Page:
Women tend to gain more belly fat than men in middle adulthood. Managing belly fat early on is important because it increases your risk for serious health problems later in life, according to Harvard Health Publications, such as heart disease and breast cancer. For best results, aim for a nutritious, balanced diet and regular exercise. Avoiding certain foods linked with abdominal fat can aid weight management. For best results, discuss significant dietary changes with your doctor or dietitian.
Refined grains are stripped of valuable nutrient content during food processing. Because they contain less fiber than whole grains, they provide less appetite control. In a study published in "The Journal of Nutrition" in September 2009, the grain intake of 434 adults was analyzed. Participants who consumed diets high in fiber-rich whole grains were significantly less likely to carry excessive body fat and abdominal fat than participants who ate namely refined grains. For potentially similar benefits, replace refined-grain products, such as enriched breads, rice, pasta, crackers and baked goods with 100 percent whole-grain foods.
Added sugars contribute sweetness and calories, but few nutrients, to foods. They have a dramatic impact on your blood sugar levels, which can lead to appetite increases and weight gain. To reduce belly fat, Harvard Health Publications recommends limiting sugary drinks, such as soda, and eating more nutritious carbohydrate sources, such as fruits and vegetables. Additional sugary foods worth avoiding include candy, pancake syrup, frosting, cookies, sweetened coffee drinks and frozen desserts.
Fats derived from animals, known as saturated fat, can increase inflammation and your risk for weight gain and obesity-related health problems. To beat the bulge in your abdominal area, the Mayo Clinic recommends that women emphasize lean protein sources, such as fish and low-fat dairy products, and limit saturated fat. Particularly dense sources include fatty steaks, cheese burgers, fried meats, high-fat cheeses, whole milk, cheesecake and heavy cream. Olive and canola oil provide unsaturated fat alternatives to butter.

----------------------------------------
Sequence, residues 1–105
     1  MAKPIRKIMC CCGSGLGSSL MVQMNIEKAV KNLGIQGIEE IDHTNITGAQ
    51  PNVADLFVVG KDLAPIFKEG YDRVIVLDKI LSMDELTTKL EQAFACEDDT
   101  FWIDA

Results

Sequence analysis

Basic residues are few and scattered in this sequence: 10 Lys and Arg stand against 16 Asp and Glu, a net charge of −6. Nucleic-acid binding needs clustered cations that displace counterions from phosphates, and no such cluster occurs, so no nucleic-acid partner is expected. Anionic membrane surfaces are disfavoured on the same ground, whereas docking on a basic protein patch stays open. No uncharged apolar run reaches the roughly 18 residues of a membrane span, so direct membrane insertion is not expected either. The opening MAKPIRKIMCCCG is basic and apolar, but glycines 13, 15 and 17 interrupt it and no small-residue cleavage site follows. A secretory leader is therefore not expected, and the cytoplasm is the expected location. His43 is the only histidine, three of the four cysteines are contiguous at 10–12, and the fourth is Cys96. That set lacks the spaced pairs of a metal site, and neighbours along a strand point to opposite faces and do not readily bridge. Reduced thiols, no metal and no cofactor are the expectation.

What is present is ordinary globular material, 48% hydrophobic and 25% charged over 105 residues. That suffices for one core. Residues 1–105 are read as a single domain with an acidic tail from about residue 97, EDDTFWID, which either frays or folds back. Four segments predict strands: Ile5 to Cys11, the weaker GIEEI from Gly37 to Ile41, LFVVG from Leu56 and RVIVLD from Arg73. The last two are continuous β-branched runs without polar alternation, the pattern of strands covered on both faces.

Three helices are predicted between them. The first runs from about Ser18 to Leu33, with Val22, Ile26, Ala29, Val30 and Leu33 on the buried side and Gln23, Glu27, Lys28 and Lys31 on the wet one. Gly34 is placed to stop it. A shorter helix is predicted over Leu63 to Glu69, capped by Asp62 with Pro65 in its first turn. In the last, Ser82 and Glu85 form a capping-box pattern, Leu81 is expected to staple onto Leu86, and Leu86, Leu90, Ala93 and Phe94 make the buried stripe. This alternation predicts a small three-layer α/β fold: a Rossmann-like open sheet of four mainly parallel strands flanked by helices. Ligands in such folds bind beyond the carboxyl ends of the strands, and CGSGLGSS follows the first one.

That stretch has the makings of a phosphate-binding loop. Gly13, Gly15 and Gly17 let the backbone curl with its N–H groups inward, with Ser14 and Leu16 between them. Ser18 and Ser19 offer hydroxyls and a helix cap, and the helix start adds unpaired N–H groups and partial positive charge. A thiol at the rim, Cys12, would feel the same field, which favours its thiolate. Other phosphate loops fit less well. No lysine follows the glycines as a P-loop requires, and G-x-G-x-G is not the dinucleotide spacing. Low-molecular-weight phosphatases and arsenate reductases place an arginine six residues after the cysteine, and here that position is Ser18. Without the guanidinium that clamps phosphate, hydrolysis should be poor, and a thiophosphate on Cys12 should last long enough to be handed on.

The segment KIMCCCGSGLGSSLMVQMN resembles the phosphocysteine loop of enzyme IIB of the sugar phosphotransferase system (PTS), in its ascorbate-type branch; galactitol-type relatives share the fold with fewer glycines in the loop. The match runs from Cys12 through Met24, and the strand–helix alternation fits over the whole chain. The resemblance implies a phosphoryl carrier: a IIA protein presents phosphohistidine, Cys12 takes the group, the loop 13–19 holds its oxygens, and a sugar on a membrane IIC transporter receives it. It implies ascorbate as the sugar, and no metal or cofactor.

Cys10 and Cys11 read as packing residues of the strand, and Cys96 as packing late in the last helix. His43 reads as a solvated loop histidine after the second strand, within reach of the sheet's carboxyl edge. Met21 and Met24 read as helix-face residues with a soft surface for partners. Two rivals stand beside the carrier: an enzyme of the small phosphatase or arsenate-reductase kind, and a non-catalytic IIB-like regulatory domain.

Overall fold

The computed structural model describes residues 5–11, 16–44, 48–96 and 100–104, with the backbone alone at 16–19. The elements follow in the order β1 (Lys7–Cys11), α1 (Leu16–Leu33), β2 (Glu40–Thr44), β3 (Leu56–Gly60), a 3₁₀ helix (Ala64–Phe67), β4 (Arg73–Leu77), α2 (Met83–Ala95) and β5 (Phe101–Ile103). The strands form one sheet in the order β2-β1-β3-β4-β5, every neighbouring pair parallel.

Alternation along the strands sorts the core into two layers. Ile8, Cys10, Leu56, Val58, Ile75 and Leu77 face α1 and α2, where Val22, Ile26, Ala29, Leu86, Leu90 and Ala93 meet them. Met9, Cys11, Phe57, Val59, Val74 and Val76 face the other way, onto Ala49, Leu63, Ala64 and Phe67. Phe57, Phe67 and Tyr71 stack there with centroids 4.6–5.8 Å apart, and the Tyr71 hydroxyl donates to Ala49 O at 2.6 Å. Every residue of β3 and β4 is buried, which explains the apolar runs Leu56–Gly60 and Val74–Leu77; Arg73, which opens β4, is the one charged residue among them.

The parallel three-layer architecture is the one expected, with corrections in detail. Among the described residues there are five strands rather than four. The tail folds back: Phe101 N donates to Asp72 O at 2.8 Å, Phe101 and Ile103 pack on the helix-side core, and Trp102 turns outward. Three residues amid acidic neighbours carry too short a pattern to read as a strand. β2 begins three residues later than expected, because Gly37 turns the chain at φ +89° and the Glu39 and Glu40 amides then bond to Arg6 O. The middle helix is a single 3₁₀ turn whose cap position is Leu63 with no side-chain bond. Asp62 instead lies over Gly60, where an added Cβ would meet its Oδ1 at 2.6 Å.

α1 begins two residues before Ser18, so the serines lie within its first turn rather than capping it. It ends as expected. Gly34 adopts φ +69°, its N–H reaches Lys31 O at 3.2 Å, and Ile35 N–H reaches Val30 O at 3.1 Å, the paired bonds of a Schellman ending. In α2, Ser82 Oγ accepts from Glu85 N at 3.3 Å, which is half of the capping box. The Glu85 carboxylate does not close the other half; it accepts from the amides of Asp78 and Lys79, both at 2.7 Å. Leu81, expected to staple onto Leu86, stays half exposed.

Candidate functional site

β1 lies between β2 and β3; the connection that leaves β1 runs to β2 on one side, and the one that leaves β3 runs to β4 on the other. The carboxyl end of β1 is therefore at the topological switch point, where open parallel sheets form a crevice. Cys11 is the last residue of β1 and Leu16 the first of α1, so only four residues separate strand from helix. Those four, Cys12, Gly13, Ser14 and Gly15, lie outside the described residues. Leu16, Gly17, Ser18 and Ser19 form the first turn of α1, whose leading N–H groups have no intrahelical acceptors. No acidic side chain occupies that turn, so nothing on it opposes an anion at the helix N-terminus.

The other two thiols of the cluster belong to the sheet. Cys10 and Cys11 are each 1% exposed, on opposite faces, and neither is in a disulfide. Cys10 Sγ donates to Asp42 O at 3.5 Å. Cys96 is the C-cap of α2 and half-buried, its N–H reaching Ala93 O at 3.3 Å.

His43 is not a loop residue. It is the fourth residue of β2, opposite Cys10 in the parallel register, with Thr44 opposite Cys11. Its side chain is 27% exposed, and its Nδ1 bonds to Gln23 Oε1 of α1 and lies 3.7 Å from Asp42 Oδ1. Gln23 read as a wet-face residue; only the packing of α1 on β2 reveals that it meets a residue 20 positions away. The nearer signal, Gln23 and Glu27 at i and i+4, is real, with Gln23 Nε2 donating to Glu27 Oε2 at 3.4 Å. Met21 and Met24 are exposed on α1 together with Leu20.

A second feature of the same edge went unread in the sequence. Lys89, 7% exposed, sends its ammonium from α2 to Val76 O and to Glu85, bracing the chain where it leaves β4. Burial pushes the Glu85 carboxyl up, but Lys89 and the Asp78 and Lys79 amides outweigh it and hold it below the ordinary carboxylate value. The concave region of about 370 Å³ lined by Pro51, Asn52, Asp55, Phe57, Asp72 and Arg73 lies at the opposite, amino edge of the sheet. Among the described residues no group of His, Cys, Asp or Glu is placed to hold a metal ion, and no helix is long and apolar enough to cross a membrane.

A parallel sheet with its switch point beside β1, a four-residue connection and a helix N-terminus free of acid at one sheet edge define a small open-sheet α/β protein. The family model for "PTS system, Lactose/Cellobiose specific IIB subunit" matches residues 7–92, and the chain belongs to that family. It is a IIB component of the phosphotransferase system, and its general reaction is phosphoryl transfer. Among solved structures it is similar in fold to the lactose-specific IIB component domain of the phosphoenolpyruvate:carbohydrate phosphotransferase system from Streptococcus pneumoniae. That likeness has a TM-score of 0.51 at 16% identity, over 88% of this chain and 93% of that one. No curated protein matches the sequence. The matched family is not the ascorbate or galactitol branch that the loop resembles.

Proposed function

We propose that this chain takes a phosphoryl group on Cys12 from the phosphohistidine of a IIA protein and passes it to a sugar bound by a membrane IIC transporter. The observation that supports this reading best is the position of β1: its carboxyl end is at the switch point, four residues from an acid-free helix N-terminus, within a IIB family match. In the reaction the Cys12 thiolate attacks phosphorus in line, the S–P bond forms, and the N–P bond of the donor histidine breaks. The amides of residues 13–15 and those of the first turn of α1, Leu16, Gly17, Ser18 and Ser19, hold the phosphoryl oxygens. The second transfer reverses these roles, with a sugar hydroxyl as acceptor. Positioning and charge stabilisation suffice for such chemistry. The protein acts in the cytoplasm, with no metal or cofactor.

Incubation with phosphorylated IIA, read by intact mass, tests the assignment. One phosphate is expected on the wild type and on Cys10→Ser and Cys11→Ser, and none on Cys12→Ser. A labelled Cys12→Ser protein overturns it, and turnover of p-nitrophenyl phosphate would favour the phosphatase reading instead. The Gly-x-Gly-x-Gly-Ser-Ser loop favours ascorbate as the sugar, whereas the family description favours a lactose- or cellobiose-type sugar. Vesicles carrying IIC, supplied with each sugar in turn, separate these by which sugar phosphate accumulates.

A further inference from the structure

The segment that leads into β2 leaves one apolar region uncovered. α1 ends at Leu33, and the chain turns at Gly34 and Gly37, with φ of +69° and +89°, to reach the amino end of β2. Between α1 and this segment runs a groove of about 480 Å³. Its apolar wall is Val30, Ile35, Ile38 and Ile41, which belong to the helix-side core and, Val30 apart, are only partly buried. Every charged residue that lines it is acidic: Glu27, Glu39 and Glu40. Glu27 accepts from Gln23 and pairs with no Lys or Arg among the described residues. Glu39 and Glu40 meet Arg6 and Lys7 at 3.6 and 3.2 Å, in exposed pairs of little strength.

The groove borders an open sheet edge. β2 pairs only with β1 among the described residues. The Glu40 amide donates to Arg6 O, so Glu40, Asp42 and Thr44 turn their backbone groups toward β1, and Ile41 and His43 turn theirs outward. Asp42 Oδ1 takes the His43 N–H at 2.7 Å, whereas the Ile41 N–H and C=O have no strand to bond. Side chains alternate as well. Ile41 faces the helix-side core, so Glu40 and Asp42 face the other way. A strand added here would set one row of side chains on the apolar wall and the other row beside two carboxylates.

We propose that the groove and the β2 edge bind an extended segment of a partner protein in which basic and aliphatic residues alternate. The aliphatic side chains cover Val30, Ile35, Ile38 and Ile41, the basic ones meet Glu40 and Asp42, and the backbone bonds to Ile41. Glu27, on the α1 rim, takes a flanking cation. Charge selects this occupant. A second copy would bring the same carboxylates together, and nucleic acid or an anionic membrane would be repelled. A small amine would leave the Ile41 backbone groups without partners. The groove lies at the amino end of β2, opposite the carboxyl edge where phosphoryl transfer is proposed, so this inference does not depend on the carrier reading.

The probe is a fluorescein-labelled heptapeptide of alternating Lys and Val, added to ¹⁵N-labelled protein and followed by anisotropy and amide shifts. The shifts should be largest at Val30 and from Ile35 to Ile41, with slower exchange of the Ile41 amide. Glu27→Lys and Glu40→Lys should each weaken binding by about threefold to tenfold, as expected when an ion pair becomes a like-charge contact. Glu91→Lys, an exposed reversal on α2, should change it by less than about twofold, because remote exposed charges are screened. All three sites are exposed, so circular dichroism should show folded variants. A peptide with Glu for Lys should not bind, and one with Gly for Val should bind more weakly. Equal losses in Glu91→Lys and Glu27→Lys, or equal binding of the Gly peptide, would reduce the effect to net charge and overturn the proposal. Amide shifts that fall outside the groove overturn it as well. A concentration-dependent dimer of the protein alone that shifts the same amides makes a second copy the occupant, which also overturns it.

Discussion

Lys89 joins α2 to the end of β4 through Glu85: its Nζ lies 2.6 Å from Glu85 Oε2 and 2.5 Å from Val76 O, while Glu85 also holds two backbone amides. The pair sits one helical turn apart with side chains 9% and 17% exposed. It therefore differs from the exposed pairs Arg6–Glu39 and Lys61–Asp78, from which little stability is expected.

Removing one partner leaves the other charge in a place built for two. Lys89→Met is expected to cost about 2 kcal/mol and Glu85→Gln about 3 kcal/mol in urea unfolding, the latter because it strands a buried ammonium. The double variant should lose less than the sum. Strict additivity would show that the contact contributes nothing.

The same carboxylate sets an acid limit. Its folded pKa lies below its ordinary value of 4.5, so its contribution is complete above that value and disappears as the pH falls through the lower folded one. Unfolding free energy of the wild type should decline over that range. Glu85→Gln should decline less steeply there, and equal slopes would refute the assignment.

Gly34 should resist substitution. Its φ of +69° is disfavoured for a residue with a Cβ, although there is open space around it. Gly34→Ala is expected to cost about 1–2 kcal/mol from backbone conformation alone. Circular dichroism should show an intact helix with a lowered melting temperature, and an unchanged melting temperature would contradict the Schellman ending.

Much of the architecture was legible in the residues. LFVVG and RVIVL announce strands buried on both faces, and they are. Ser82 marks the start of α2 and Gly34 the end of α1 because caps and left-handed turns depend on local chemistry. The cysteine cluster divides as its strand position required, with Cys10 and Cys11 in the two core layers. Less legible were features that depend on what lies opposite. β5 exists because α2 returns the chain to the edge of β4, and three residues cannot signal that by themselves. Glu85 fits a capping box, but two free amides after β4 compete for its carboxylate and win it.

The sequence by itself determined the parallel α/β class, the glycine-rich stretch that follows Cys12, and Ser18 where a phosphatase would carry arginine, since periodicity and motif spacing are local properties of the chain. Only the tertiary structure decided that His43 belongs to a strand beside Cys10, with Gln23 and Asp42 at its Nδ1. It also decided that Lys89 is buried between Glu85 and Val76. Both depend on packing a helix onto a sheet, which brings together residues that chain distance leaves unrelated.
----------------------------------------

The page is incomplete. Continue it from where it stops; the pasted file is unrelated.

Trans-fats are formed through a process in which hydrogen is added to vegetable oil, to make a solid, long-lasting fat source. Trans-fats can also contribute to belly fat, says Harvard Health Publications. To cut down on trans-fats, avoid fast food, hard margarine, shortening, pastries and processed foods that list hydrogenated vegetable oil as an ingredient. Instead, eat more whole foods, such as whole grains, fruits, vegetables, nuts and seeds.
August McLaughlin is a health and sexuality writer, podcast host and author of “Girl Boner: The Good Girl’s Guide to Sexual Empowerment” (Amberjack Publishing, 2018). Her articles appear in DAME Magazine, Cosmopolitan.com, the Huffington Post and more, and she loves connecting with readers through her blog and social media. augustmclaughlin.com